What ever the reason, the police's complete absence has been remarked by many eyewitnesses and commentators.

    The Egyptian army has filled the vacuum, tanks and soldiers are on the main roads and in the squares of every city.

    So far there have been no reported violent clashes between the army and the protesters. This is in sharp contrast to the violence and fatal shootings dished out to the protesters by the police forces.

    There have been active efforts by the protesters to fraternise with the soldiers. (some of the front line tanks carry prominent anti-Mubarak graffiti.)

    There has also been reports that a number of political prisoners have been released from prison, mostly government opposition members of the Islamic Brotherhood.

    Sunday morning is the start of the business week, but most stores are reportedly staying closed.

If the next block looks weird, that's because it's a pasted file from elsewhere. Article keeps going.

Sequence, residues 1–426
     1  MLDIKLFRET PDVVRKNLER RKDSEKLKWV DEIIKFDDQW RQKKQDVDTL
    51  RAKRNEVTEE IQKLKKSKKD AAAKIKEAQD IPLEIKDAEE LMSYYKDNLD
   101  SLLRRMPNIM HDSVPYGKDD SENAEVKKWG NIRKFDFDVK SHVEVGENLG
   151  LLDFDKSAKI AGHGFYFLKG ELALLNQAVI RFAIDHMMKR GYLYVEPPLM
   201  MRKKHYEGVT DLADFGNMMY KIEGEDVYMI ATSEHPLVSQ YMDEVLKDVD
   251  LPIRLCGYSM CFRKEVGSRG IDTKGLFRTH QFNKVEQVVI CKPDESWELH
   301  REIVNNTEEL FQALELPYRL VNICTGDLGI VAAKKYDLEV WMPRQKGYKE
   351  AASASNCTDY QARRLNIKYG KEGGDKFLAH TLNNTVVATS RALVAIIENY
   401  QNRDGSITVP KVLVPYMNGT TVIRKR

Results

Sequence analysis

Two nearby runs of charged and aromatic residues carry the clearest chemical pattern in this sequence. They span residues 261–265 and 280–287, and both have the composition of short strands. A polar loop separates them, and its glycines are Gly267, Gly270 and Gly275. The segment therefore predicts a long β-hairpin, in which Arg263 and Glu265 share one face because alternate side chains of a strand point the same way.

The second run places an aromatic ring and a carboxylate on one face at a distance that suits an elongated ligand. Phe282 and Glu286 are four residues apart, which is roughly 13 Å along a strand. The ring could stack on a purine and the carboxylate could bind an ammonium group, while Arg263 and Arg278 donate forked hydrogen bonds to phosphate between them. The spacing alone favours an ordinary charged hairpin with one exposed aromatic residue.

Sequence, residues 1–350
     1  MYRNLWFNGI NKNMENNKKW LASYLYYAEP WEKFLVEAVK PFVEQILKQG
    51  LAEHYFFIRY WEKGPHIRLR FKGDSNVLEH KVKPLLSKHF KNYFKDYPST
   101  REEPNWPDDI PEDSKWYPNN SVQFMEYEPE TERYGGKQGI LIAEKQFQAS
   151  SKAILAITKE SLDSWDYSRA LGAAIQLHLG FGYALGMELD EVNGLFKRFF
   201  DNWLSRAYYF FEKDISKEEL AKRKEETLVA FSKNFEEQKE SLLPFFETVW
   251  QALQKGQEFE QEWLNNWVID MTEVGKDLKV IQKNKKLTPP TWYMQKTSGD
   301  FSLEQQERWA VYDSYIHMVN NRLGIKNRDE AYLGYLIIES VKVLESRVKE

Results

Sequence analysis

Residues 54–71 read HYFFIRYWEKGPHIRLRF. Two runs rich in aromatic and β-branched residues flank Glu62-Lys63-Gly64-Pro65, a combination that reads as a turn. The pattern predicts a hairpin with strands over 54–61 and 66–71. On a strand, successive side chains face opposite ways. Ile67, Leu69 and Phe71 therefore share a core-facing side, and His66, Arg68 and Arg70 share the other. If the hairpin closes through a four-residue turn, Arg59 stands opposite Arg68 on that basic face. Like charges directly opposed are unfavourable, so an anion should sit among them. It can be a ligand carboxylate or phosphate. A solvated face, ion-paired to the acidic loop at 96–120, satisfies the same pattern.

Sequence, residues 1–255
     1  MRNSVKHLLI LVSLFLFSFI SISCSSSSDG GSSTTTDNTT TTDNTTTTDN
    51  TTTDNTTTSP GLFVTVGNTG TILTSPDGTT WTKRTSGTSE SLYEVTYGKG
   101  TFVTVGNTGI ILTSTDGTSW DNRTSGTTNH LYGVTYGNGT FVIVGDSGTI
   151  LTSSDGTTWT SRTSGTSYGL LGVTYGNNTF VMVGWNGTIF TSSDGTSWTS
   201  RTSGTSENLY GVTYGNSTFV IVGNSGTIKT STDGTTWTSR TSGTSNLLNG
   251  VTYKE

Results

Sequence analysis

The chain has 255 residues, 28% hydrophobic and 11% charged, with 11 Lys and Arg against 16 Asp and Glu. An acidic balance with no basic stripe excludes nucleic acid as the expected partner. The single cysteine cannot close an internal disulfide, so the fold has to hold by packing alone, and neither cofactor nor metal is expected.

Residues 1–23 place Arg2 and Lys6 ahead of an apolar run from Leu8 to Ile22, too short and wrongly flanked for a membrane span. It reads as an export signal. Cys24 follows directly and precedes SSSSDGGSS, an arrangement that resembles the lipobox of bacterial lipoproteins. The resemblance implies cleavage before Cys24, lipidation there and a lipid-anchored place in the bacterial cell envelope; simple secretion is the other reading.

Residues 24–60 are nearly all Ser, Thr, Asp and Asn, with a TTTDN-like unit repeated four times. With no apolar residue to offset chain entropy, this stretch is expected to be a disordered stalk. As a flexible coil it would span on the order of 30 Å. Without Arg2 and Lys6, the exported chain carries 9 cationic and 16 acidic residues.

Protests were again called for today, using the social networking sites, and the internet. Though the operation of the internet has been severely curtailed, at least one internet provider company has not heeded the government ban on operating. As well as this using satelite phones Egyptians have been able to access the international world wide web to post their messages and organise the protest rallies.

    Al Jazeera had cameras mounted at the entrance to the main square in Cairo where protesters were reported to be planning to gather. The cameras showed that entry to the square was through a cordon of tanks and soldiers.